After 40 years, coal behemoth to go hi-tech

After 40 years, coal behemoth to go hi-tech
Highlights

Coal India Ltd (CIL) is making its biggest technological overhaul in four decades to check rampant theft and shed its image as an inefficient behemoth, spurred by an impending opening up of the sector to private firms for the first time since the 1970s.

Coal India Ltd (CIL) is making its biggest technological overhaul in four decades to check rampant theft and shed its image as an inefficient behemoth, spurred by an impending opening up of the sector to private firms for the first time since the 1970s.

The state-run company’s monopoly had allowed it to delay the use of modern technology common in international mining, but it cannot afford to wait any longer as the government is set to soon announce a plan to allow private competitors like Adani Group to mine and sell coal.

Coal India’s productivity is estimated at just one-eighth of its technologically advanced rivals in the United States, and as much as a fifth of its annual output is stolen, costing the company up to $1 billion each year.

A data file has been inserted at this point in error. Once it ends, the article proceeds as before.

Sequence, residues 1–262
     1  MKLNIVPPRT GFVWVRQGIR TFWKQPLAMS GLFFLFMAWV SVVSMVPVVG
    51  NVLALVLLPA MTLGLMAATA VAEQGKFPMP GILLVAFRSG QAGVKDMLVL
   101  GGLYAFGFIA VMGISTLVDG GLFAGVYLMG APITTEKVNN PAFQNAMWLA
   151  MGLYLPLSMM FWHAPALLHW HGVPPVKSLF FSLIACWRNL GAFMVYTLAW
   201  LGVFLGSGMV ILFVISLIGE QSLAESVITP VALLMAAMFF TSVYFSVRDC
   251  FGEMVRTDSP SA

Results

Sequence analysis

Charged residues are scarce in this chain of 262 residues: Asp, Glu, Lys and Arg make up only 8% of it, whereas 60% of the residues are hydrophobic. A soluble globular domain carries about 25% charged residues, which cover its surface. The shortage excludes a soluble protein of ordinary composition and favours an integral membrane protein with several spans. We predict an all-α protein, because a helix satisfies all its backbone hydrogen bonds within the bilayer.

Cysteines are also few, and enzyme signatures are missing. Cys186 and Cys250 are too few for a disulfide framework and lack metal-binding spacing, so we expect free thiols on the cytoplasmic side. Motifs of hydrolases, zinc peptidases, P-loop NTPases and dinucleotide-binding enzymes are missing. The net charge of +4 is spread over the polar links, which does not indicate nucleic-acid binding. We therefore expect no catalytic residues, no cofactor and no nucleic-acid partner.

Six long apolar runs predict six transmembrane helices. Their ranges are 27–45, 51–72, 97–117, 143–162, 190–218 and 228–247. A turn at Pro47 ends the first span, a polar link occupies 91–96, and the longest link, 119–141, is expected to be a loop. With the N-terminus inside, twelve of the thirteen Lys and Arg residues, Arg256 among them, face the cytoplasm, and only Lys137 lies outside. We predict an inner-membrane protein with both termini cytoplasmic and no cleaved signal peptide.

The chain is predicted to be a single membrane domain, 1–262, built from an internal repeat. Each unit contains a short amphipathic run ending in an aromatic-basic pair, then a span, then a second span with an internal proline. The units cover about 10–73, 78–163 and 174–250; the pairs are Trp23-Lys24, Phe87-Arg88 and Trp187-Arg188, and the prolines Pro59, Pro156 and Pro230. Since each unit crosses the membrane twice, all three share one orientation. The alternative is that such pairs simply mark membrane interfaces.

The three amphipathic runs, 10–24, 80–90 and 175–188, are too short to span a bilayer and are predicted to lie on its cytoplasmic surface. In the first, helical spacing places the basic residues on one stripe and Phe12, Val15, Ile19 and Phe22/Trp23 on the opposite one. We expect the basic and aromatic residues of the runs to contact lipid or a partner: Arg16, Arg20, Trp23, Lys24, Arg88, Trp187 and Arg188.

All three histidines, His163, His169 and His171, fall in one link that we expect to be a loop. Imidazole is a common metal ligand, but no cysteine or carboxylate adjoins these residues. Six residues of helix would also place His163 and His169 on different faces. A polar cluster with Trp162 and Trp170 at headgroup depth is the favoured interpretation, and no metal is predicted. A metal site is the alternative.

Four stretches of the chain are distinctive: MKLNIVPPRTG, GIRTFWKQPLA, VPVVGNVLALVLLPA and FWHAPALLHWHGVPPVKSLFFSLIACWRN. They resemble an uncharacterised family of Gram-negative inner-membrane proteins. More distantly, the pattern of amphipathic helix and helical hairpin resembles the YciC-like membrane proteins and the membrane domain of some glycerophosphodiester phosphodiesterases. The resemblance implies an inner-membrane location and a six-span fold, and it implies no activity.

Local “coal mafias” have fought for years to control rackets that prey on the industry and feed a vast black market. Tactics range from infiltrating unions and transport operations to bribery, extortion and outright theft of coal.

To build on those output gains and meet a target to double production to one billion tonnes by 2020, coal secretary Anil Swarup is prioritising tech modernisation already implemented at Mahanadi Coalfields, a Coal India unit.

Mr Swarup wants all seven of Coal India’s producing units to use a GPS-based tracking system for their trucks and Google maps to electronically “fence” mining areas, which will alert managers if a truck diverts from its route. Mr Swarup will review the units’ preparedness this month. “This is Coal India’s biggest technological overhaul, and its impact would be in billions of dollars,” he said.

“The whole shift towards supplying quality coal to customers further increases the use of technology to avoid pilferage.”

Last year, Mahanadi blacklisted contractors of 36 trucks, each carrying up to 17 tonnes of coal, after managers received telephone alerts of route violations that could have led to theft, said Mr Srivastava.

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